dog

Dog Hygiene Made Easy

Brushing Your Dog

Regular grooming with a brush or comb will help keep your pet's hair in good condition by removing dirt, spreading natural oils throughout her coat, preventing tangles and keeping her skin clean and irritant-free. Some breeds should be brushed every day. Some once a week. Brushing their hair stimulates their blood flow and will help with a healthier coat.

Bathing Your Dog

The ASPCA recommends bathing your dog at least once every three months, but some may require more frequent baths if he or she spends a lot of time outdoors or has skin problems. If you wash your dog more frequently, that's okay, just make sure you are using mild dog soap. 

Here are some steps to help you get started.

  1. There's no right or wrong place to bathe them. Any tub, sink, shower, kiddle pool or hose will do.
  2. If you have a nervous dog, you can leave the collar on to help guide them or ask someone to help. 
  3. Place cotton balls in the ears to prevent water (don't forget to remove them when you're done)
  4. For comfort, place a towel or yoga mat in the tub.
  5. Set the water temperature and wet them everywhere by using a bucket or jug to pour.
  6. Squirt a bit of dog formulated shampoo straight down down their back and scrub in gently.
  7. Rinse thoroughly, towel dry and wipe their face with a washcloth. Voila

Worried about the mess? Send them to a professional dog groomer (like us) so they can shake that water all over OUR place!

If your dog needs a haircut, DO NOT try it with your own scissors or razors - we've fixed countless home cut hairdos over the years, trust us, you'll want to leave that part to the professionals!

Dental Care

Regularly brushing your dog's teeth, along with a healthy diet and plenty of chew toys, can go a long way toward keeping her mouth healthy. Bacteria and plaque-forming foods can cause build-up on a dog's teeth. This can harden into tartar, potentially causing gingivitis, receding gums and tooth loss. Many pooches show signs of gum disease by the time they're four years old because they aren't provided with proper mouth care. Grab a soft bristle tooth brush, dog tooth paste (NOT ONE MEANT FOR PEOPLE) and ease into this at a pace that your dog is comfortable.

Eye Care

Giving your pup regular home eye exams will help keep you alert to any tearing, cloudiness or inflammation that may indicate a health problem. First, face your dog in a brightly lit area and look into his eyes. They should be clear and bright, and the area around the eyeball should be white. The pupils should be equal in size and there shouldn’t be tearing, discharge or any crust in the corners of his eyes. With your thumb, gently roll down your dog’s lower eyelid and look at the lining. It should be pink, not red or white.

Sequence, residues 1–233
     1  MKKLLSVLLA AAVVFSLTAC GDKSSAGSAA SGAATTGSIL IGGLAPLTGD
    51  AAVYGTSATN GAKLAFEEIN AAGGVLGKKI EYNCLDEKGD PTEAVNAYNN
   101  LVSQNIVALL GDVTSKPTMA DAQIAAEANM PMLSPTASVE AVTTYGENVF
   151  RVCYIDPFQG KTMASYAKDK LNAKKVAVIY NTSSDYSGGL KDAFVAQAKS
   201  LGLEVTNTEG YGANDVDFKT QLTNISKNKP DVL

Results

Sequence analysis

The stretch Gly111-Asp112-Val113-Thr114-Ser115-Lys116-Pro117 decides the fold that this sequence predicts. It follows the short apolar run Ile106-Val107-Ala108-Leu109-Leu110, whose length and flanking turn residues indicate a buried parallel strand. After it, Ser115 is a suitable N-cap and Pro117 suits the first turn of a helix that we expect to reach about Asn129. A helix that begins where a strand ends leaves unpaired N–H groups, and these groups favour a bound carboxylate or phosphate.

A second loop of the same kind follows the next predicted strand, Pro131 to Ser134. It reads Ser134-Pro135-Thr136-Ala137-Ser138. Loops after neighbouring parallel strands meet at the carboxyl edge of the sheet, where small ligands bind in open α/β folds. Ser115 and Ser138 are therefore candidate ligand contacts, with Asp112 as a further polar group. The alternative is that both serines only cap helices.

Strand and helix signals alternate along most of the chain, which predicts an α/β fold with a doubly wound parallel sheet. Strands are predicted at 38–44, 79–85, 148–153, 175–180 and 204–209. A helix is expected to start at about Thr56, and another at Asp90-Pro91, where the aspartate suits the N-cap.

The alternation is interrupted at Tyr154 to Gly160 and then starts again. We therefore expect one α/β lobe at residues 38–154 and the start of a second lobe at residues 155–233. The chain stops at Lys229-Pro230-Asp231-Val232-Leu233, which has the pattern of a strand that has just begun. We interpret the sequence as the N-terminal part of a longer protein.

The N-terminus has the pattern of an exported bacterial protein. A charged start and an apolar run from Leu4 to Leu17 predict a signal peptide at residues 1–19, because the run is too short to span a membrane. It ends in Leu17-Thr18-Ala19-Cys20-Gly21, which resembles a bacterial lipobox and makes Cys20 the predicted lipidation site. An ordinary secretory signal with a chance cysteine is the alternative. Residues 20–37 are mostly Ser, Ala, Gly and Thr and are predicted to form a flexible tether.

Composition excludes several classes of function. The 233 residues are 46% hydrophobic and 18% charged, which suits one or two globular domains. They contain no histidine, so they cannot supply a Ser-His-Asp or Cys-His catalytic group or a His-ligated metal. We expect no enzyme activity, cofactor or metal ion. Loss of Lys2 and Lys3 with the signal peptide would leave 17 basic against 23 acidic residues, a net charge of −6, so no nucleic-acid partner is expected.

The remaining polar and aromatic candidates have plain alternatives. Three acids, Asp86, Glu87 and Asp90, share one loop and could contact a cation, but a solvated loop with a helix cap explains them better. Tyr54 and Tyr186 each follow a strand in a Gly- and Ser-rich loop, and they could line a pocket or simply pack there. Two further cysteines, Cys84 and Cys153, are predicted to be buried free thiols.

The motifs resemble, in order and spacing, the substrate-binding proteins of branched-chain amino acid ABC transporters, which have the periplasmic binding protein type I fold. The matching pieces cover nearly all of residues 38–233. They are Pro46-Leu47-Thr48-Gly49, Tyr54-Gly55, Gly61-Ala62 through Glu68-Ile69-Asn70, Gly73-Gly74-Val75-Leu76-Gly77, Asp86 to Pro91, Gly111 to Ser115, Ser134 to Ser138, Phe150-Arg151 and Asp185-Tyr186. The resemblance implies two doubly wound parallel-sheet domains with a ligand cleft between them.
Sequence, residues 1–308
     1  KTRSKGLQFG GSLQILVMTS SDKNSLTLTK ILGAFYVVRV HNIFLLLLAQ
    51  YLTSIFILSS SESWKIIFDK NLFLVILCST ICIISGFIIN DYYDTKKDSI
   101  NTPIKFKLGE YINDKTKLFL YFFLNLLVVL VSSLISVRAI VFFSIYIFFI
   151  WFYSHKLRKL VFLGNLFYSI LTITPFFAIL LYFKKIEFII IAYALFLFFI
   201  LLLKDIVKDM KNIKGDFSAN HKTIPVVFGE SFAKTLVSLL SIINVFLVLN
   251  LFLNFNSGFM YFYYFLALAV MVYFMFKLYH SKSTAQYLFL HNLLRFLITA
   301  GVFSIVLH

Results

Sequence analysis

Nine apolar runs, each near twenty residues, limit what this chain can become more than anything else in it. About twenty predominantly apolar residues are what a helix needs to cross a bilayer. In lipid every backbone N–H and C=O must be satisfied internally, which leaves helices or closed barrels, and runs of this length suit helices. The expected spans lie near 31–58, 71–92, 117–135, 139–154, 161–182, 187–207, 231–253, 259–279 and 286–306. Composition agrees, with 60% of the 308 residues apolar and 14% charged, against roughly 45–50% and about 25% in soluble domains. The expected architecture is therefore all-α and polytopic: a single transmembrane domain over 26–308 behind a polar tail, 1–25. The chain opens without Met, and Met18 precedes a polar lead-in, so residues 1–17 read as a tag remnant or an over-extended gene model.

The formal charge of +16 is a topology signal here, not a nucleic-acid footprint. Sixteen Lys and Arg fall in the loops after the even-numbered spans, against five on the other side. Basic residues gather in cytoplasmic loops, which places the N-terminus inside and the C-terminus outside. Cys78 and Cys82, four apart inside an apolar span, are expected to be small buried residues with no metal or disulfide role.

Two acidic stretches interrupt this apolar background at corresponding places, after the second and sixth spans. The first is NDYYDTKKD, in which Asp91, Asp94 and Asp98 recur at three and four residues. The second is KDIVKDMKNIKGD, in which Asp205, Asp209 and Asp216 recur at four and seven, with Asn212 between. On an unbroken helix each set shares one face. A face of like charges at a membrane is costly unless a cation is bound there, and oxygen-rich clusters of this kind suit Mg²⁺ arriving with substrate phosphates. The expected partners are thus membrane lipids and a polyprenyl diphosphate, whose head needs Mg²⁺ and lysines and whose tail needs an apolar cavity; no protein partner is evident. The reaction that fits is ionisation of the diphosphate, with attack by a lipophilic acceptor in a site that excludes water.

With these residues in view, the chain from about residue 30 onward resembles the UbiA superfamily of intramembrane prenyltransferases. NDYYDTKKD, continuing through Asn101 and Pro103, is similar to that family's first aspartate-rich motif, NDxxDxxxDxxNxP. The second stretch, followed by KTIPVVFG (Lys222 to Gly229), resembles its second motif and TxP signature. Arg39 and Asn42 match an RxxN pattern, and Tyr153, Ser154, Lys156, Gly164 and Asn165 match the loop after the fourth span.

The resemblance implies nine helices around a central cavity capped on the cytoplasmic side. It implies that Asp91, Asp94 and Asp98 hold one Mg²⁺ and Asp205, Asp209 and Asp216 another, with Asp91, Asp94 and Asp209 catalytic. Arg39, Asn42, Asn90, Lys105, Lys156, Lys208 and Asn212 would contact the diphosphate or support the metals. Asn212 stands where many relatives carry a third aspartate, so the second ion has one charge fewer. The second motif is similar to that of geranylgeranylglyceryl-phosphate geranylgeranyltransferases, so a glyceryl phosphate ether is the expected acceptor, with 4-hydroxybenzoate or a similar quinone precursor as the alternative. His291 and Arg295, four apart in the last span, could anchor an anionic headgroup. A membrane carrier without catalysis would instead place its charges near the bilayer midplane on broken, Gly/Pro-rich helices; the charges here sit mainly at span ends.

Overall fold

Ear Care

Your dog’s regular grooming routine should include regular ear checks. This is especially important for dogs who produce excessive earwax or have a lot of inner-ear hair. Clean your dog's ears once a week. Get a gentle dog ear cleaner and a handful of cotton balls. Soak them, and put one into the outer parts of their ear, swirl it around and remove. Repeat until the cotton balls are coming out clean. Do not push the cotton ball down into their ear canal.  

Nail Care

As a rule of thumb, a dog’s nails should be trimmed when they just about touch the ground when he or she walks. If your pet’s nails are clicking or getting snagged on the floor, it’s time for a trim. For leisurely living dogs, this might mean weekly pedicures, while urban pooches who stalk rough city sidewalks can go longer between clippings. Purchase doggy nail clippers, some styptic powder to stop any bleeding and chip away at small clippings. Ease into if it's the first time or your dog seems uncomfortable. Professional groomers can handle this job easily for you, too!

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How To Check Your Dog For Fleas

It happens to the best of them… no matter how you try to protect your dog, fleas are very active insects that thrive in warm weather. (Big sigh of relief that it’s November in Chicago). Fleas are very active in warmer months, though, and stay well hidden on your dog, as they burrow into the dog’s fur to the skin. The fleas then ingest your dog’s blood and can cause severe itching and inflammation.

Here are some tips from Dogaholics on how to check your dog for fleas before the infestation becomes severe.

 

Behavior

If your dog is restless, or you notice him itching, biting, or licking certain areas of the body more than usual, it’s probably time to check for fleas. A flea infestation is also a possible cause if your dog is shaking his head or scratching his years often.  

 

Skin and Coat

To inspect your dog fully, turn him on his back. This will allow you to check the areas—such as the armpits and groin—where fleas can easily hide. Next, check his ears for signs of excessive scratching, redness or blood. Then check for redness or bumps on your dog’s belly or groin or hair loss coupled with scabbing, which could indicate that your dog is scratching excessively.

Finally, take a flea comb and run it through your dog’s back and leg hair. The comb will catch fleas from under the haircoat, so make sure to get as close to the skin as possible to catch the hidden fleas. As you comb, throw any live fleas into a bowl of soapy water to clean the comb and drown the fleas.

 

Environment

Check for fleas in areas of your home where your dog spends a lot of time. His bed and feeding area may show signs of flea dirt (little black specks) or actual fleas themselves.

 

Lastly, always remember to consult your veterinarian if you think your pup may have fleas. They’ll know what’s best for your dog’s specific infestation. And of course, when your pup finally feels better, treat him to a day of pampering and dog grooming at Dogaholics!


-Candace